This is the VOA Special English Development Report.
simple water pump is helping to improve the lives of poor families in several
Asian and African countries.
The treadle pump is based
on a design developed in the nineteen seventies by Norwegian engineer Gunnar
Barnes. It can be made locally. A group based in the United States, IDE, International
Development Enterprises, has created programs in different countries.
The program in India won
an Ashden Award in two thousand six for using local sources of energy to
improve quality of life. Last year the Bill and Melinda Gates Foundation
awarded IDE twenty-seven million dollars. The money is to be used to expand small
irrigation projects to the other half of India's twenty-eight states.
treadle pump is easy to build from bamboo or other wood and two metal cylinders
with pistons. The pistons go up and down as a person stands on lever devices --
treadles -- and uses a natural walking motion.
How many hours a day the pump needs to
be operated depends on the season and how much water is needed for crops. It could
be two hours a day. It could be seven hours a day.
Small children sometimes stand with their parents on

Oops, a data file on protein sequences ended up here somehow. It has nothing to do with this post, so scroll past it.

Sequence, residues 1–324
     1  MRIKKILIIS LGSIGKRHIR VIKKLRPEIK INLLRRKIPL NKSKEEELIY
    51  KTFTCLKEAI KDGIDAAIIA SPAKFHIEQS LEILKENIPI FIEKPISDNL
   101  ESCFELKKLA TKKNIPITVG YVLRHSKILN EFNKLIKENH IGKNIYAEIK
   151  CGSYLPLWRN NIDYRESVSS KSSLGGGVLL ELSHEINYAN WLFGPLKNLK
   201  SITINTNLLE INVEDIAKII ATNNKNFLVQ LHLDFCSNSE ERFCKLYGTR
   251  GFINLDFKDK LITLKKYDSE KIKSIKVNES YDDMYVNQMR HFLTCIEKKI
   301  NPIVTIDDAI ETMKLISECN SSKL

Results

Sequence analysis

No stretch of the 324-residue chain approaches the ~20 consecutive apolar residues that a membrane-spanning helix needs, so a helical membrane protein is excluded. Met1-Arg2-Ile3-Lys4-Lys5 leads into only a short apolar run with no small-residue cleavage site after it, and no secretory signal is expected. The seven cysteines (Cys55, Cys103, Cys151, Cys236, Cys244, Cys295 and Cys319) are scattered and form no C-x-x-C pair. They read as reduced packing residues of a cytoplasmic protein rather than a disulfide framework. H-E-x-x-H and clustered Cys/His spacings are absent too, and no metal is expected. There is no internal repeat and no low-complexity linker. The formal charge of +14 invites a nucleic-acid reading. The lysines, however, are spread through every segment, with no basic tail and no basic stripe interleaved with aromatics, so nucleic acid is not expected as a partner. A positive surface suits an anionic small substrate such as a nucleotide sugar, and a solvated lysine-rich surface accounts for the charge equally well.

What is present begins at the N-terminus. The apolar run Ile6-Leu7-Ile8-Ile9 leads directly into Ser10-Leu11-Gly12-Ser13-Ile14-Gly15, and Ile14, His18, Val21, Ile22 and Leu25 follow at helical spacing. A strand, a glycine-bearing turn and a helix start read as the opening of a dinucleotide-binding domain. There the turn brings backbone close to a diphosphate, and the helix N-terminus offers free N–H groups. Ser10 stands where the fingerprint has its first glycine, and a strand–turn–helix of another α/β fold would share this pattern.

the treadles. Everyone in the family can take turns operating the pump.
The Acumen Fund is a nonprofit group
that invests in business projects to fight poverty. It studied the effects of
treadle pumps in the Indian state of Uttar Pradesh. Uttar Pradesh has three
treadle pump manufacturers and more than seventy-three thousand pumps.
Acumen reported that families using them ate more
vegetables, because they were able to grow more to eat and to sell. Many of
these families also drank more milk, because they bought a cow with their added
earnings. Men with treadle pumps often no longer have to leave the farm to seek
extra work in cities.
pumps can also improve education. Farmers often use their extra earnings to buy
books for their children or to pay for schooling.
farmer in Zambia said he hoped to have enough money in three years to buy a diesel-powered
pump. Then he could grow more crops over a larger area.
But the world economic crisis has had an effect on some
farmers. IDE executive director Zenia Tata says some who were able to buy
diesel pumps now do not have enough money to buy fuel. So they are using their
treadle pumps again.
And that’s the VOA
Special English Development Report, written by Karen Leggett. Transcripts, MP3s
and archives of our reports are at voaspecialenglish.com. I’m Steve Ember.